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dc.contributor.authorGolden, Constance J.*
dc.date.accessioned2016-06-08T23:11:09Z
dc.date.available2016-06-08T23:11:09Z
dc.date.issued1983-10
dc.identifier.issn0884-5123
dc.identifier.issn0074-9079
dc.identifier.urihttp://hdl.handle.net/10150/612285
dc.descriptionInternational Telemetering Conference Proceedings / October 24-27, 1983 / Sheraton-Harbor Island Hotel and Convention Center, San Diego, Californiaen_US
dc.description.abstractExisting spacecraft/satellite control requires access to a group of “experts” familiar with each satellite subsystem to be able to analyze and correct spacecraft malfunctions. When remote, mobile satellite control systems are deployed, these “experts” will not be available. Automation of many of the functions currently being performed by these experts and the operators at the consoles will allow these mobile systems to operate autonomously while correcting for anomalies that can be logically identified. This automation can be achieved by implementing artificial intelligence (AI) processes/techniques to the fault detection, command correction process. Techniques from the artificial intelligence development process and algorithms from statistical forecasting methods will be analyzed and tested for applicability in providing automated spacecraft health and status information for one DOD program. Key issues in applying these processes to all critical DOD programs will be identified and discussed.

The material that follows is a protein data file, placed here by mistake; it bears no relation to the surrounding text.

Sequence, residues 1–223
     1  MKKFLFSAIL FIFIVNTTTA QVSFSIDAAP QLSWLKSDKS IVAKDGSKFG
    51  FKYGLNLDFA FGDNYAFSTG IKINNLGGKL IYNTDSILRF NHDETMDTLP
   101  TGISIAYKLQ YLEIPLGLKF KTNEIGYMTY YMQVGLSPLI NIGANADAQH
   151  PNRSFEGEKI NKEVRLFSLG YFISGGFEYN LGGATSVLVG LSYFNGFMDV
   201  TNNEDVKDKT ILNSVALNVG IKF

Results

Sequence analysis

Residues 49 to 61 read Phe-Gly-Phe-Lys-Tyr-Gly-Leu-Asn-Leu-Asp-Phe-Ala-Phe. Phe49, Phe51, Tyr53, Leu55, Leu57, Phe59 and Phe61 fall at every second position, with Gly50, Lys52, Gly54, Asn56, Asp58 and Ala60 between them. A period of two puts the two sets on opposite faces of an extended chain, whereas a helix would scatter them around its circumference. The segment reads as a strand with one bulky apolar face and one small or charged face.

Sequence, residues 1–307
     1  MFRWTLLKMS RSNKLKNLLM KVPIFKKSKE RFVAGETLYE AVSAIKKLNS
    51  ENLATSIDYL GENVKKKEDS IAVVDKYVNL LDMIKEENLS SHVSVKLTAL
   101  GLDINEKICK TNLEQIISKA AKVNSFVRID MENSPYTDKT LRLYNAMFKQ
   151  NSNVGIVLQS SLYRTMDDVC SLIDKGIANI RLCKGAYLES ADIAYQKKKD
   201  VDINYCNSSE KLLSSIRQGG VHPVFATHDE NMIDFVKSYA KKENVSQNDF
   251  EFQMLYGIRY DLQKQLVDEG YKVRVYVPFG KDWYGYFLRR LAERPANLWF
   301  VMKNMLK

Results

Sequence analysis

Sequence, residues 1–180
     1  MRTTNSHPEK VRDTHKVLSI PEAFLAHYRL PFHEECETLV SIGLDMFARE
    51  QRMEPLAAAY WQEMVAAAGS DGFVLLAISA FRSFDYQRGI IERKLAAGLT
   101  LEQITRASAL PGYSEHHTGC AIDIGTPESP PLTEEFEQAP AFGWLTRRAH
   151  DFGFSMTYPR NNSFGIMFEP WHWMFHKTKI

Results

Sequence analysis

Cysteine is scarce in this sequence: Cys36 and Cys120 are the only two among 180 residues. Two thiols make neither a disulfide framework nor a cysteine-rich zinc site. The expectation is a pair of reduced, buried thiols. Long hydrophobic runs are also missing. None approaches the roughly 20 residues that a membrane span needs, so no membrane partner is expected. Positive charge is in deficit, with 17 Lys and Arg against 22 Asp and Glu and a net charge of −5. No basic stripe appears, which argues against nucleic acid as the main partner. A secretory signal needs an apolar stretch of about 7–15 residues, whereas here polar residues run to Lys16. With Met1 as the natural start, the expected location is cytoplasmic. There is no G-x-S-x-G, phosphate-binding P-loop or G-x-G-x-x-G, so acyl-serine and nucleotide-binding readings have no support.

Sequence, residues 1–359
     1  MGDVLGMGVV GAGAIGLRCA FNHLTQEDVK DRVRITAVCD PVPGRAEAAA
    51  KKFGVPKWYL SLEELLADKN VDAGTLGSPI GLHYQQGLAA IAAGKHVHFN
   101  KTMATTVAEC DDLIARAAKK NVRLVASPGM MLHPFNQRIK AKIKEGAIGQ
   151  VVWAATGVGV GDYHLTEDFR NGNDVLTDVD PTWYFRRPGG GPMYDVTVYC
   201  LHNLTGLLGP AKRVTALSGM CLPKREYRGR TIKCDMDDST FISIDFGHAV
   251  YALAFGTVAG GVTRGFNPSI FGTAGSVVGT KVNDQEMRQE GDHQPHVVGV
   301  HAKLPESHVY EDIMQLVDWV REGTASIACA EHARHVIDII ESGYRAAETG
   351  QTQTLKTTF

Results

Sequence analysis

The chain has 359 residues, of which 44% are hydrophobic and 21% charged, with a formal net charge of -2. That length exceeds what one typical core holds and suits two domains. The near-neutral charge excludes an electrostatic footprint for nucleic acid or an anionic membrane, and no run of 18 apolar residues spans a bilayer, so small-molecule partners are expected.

dc.description.sponsorshipInternational Foundation for Telemeteringen
dc.language.isoen_USen
dc.publisherInternational Foundation for Telemeteringen
dc.relation.urlhttp://www.telemetry.org/en
dc.rightsCopyright © International Foundation for Telemeteringen
dc.titleAUTOMATING SATELLITE COMMAND AND CONTROLen_US
dc.typetexten
dc.typeProceedingsen
dc.contributor.departmentFord Aerospace & Communications Corporationen
dc.identifier.journalInternational Telemetering Conference Proceedingsen
dc.description.collectioninformationProceedings from the International Telemetering Conference are made available by the International Foundation for Telemetering and the University of Arizona Libraries. Visit http://www.telemetry.org/index.php/contact-us if you have questions about items in this collection.en
refterms.dateFOA2018-09-11T12:18:02Z
html.description.abstractExisting spacecraft/satellite control requires access to a group of “experts” familiar with each satellite subsystem to be able to analyze and correct spacecraft malfunctions. When remote, mobile satellite control systems are deployed, these “experts” will not be available. Automation of many of the functions currently being performed by these experts and the operators at the consoles will allow these mobile systems to operate autonomously while correcting for anomalies that can be logically identified. This automation can be achieved by implementing artificial intelligence (AI) processes/techniques to the fault detection, command correction process. Techniques from the artificial intelligence development process and algorithms from statistical forecasting methods will be analyzed and tested for applicability in providing automated spacecraft health and status information for one DOD program. Key issues in applying these processes to all critical DOD programs will be identified and discussed.


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